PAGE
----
Those of you who have grown accustomed to my long letters will be happy to know that this week of Shiriyah has left me virtually speechless. What an extraordinarily wonderful bunch of young men and women!
Just want to briefly share an idea I mentioned to the kids yesterday at Mincha: The seniors' section of our magnificent new Shiriyah mural, if you haven't yet seen it you really must come to school and see what used to be the blank wall between the two entrances to the Beit Midrash, depicts the Mitzvah of Hakhel, the commandment to convene an assembly of all of Israel--men, women, children, even infants-- during the Sukkot festival following a Shemittah year to hear the Torah being read by the King. Why include little children who are incapable of understanding a word of what is being read? Writes the Malbim that certain experiences have such extraordinary sensory and emotional impact that just being part of the experience imprints itself on one's being in a way which far transcends mere words and concepts.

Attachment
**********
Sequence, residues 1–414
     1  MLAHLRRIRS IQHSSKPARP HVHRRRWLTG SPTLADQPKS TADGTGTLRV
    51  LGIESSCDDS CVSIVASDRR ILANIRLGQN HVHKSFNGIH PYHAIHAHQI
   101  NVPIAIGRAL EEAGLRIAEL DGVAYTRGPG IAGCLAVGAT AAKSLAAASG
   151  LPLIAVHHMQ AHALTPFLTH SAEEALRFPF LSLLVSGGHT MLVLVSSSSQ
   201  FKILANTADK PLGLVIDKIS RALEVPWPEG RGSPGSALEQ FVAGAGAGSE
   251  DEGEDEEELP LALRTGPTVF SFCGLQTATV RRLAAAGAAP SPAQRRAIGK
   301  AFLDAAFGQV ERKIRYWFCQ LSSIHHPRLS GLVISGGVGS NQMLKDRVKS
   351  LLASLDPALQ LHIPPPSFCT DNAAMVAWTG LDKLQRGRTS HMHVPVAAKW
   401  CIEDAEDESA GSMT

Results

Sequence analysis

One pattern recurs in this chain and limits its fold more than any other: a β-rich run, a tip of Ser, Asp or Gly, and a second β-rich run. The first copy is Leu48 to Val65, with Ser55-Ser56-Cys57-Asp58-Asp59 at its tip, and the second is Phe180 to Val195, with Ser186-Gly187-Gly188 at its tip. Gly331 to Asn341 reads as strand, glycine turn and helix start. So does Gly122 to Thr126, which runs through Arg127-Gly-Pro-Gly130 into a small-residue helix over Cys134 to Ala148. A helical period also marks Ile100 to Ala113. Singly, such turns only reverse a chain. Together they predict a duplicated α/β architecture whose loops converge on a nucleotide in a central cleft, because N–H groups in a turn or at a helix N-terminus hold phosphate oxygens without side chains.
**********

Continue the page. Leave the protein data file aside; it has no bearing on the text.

I am not, God forbid, suggesting any lack of understanding on the part of your/our children: Shiriyah was replete with insightful and inspiring Torah scholarship researched and depicted verbally and artistically by each grade. But it's the experience of Shiriyah, of being part of that dynamic atmosphere of family and community, of older kids sharing with younger kids, of students who didn't yet know one another all that well pooling talents to create visual, auditory, and spiritual beauty, of the outburst of Ruach and good feeling that explodes at the conclusion of Shiriyah, which Frisch students will carry with them long after the details of teams and themes or of subjects and syllabi have faded from memory.
The faculty, those of us who get to step back and watch and admire as our kids magically transform not only the corridors but themselves, feel privileged to play a little part in Shiriyah.
The above has left me virtually speechless.
Dr. Kalman Stein